It was the timeless green of a festering Missouri summer. Not forgetting thirst as a haze covered this closely-hugging St. Louis county township like a shimmering dog-day afternoon.
Down by the railroad-trestles and brown, trickling rivers like tangled, scrappy t-shirts and sunburned human co-habitation—a bleak industrial area.
Maplewood—biker town. Old south St. Louis. Alcoholic vapors and the human crud whom remained like a dead, yellow dog laying in the road.
Dive bars and run-down gas stations along the hard asphalt– old dudes in bandannas loitering by the curbside or up on broken-down couches like wolfen patriots.
Come to buy some hot auto-parts? Or maybe just score on a prostitute?
Maybe for “pay-back”, “a real rumble” with all but a fire-apple red muscle-car parked in the poor man’s alley out beyond the weeds. . . . . like sheer action-television.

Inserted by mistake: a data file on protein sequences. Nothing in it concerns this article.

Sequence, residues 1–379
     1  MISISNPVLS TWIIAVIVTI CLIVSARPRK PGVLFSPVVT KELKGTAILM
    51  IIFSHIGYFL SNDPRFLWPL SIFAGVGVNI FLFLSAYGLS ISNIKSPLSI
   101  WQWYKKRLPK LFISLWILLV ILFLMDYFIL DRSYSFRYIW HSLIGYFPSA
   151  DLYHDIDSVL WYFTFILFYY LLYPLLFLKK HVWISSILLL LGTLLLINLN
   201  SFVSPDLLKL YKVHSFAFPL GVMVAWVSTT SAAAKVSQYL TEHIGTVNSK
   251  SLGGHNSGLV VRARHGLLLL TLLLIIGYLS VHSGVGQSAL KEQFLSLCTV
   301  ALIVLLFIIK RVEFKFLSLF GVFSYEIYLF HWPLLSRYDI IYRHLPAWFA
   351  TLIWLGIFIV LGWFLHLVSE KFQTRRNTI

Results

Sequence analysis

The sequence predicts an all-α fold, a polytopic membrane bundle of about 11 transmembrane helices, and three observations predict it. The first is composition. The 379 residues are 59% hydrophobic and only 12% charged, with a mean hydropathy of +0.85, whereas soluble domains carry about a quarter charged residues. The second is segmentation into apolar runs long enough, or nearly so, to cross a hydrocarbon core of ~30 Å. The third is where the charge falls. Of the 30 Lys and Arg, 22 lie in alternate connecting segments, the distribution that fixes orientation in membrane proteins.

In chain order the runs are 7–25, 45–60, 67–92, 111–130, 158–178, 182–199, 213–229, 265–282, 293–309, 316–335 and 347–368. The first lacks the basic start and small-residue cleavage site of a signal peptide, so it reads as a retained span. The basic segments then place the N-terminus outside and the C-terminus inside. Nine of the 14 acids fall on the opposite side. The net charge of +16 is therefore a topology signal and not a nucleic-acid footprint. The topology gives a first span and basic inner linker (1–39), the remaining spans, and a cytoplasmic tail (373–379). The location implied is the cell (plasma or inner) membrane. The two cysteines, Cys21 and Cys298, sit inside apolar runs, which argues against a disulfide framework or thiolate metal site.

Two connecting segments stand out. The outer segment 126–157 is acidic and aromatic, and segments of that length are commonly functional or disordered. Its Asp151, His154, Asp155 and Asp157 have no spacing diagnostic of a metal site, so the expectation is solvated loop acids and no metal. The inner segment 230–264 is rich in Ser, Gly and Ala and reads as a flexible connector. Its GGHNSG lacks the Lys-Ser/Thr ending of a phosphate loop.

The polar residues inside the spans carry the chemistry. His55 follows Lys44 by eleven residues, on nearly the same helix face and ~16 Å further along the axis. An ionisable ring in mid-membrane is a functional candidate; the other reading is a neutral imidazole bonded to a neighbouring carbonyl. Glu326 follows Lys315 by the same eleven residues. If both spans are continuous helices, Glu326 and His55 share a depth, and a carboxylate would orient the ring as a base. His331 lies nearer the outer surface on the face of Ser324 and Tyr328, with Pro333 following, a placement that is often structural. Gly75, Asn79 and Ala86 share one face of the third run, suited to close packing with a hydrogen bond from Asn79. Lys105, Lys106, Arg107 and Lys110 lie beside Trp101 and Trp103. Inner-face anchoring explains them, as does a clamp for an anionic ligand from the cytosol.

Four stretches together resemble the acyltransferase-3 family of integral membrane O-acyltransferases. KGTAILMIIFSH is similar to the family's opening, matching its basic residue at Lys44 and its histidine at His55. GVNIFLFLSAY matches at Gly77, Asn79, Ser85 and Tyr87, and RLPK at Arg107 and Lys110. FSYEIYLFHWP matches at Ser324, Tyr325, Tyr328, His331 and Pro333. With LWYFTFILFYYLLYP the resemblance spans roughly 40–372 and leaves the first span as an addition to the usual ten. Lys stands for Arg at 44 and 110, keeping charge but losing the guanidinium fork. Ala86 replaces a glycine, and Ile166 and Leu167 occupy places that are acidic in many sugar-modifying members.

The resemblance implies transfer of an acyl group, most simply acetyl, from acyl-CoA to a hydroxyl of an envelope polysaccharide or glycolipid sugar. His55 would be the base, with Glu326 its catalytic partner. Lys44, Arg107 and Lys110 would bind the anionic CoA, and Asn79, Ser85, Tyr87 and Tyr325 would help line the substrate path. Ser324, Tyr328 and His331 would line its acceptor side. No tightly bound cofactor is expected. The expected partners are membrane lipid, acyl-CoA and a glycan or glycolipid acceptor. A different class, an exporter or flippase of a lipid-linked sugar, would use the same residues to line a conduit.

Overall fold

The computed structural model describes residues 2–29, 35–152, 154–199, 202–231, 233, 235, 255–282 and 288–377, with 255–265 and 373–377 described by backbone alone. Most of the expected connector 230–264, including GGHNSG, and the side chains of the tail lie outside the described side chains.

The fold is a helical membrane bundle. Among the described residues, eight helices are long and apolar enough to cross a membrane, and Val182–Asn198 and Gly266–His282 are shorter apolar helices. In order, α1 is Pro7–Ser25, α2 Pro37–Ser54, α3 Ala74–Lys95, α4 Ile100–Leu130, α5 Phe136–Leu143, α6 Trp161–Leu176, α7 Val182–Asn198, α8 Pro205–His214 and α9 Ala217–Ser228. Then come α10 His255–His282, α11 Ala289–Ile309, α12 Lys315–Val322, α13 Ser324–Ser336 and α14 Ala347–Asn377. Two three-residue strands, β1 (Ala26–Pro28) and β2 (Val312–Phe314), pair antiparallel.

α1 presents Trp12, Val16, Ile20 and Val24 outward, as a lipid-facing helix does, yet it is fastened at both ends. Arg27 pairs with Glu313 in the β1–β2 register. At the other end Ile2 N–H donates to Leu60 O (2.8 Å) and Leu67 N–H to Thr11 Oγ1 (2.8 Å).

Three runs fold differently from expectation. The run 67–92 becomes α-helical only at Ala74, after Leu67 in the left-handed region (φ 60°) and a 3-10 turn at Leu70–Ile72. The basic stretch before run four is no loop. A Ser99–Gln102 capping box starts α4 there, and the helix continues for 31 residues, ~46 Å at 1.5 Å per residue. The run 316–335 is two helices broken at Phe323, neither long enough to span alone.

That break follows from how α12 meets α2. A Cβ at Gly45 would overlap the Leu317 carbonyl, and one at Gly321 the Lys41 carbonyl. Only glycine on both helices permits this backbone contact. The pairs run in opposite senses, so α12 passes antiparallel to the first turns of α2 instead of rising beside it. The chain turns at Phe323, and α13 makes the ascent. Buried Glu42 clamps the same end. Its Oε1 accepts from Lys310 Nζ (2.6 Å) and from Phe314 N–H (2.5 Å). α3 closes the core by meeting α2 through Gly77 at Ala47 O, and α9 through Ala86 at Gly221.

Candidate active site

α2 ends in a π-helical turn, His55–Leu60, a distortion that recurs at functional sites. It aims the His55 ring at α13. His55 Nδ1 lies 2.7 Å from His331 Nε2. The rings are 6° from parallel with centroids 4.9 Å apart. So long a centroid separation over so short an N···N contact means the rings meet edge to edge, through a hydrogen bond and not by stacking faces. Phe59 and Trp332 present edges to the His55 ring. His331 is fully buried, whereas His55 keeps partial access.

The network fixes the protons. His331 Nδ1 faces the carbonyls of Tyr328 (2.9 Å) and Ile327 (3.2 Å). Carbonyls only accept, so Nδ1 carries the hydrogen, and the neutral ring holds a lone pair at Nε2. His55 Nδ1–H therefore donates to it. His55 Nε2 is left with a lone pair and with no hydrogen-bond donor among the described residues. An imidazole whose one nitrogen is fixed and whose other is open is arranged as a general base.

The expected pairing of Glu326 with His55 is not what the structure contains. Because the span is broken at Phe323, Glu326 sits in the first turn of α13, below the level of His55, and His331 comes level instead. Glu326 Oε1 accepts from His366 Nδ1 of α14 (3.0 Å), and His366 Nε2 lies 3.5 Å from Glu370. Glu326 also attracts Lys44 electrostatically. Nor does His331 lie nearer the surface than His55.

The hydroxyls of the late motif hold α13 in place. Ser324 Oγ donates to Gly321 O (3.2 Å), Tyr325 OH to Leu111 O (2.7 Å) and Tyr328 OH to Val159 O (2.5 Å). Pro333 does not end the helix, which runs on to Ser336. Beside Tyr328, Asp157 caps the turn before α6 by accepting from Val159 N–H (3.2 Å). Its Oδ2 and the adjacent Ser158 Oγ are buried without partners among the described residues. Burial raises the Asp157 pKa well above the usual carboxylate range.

Cinder block buildings—Chuck Norris style.
All you needed was the squeal of those corrugated metal doors creaking upwards to reveal a street-gang, slowly padding their fists together as another one whirls a biker chain.
Maybe life was less like syndicated television with trash-fires and hooting drunks knocking back packaged liquor in a brown paper bag. A party, sitting with their backs leaning against those said cinder-block buildings.
But “low-rent”, just the same. . . . . as the daily grind imposed its weight.
Those miscellaneous considerations that kept things “less glamorous”. As you had the anchor of unpaid doctor bills—or making the rent. Or chronic back problems and tender, aching shins. Unto the grime, friction, inefficiency and waste it all boiled down to perhaps a public health clinic and food stamps.
This was the world of long, slow lines wearing thin on the soul, resigned to second-class citizenship on the bargain freight-rate, gogged-eye chaos and misery.
The sodden brightness, graying sun-streaks and worn-out shoes. . . . . the thinner clunking pennies in some dingy church rummage sale.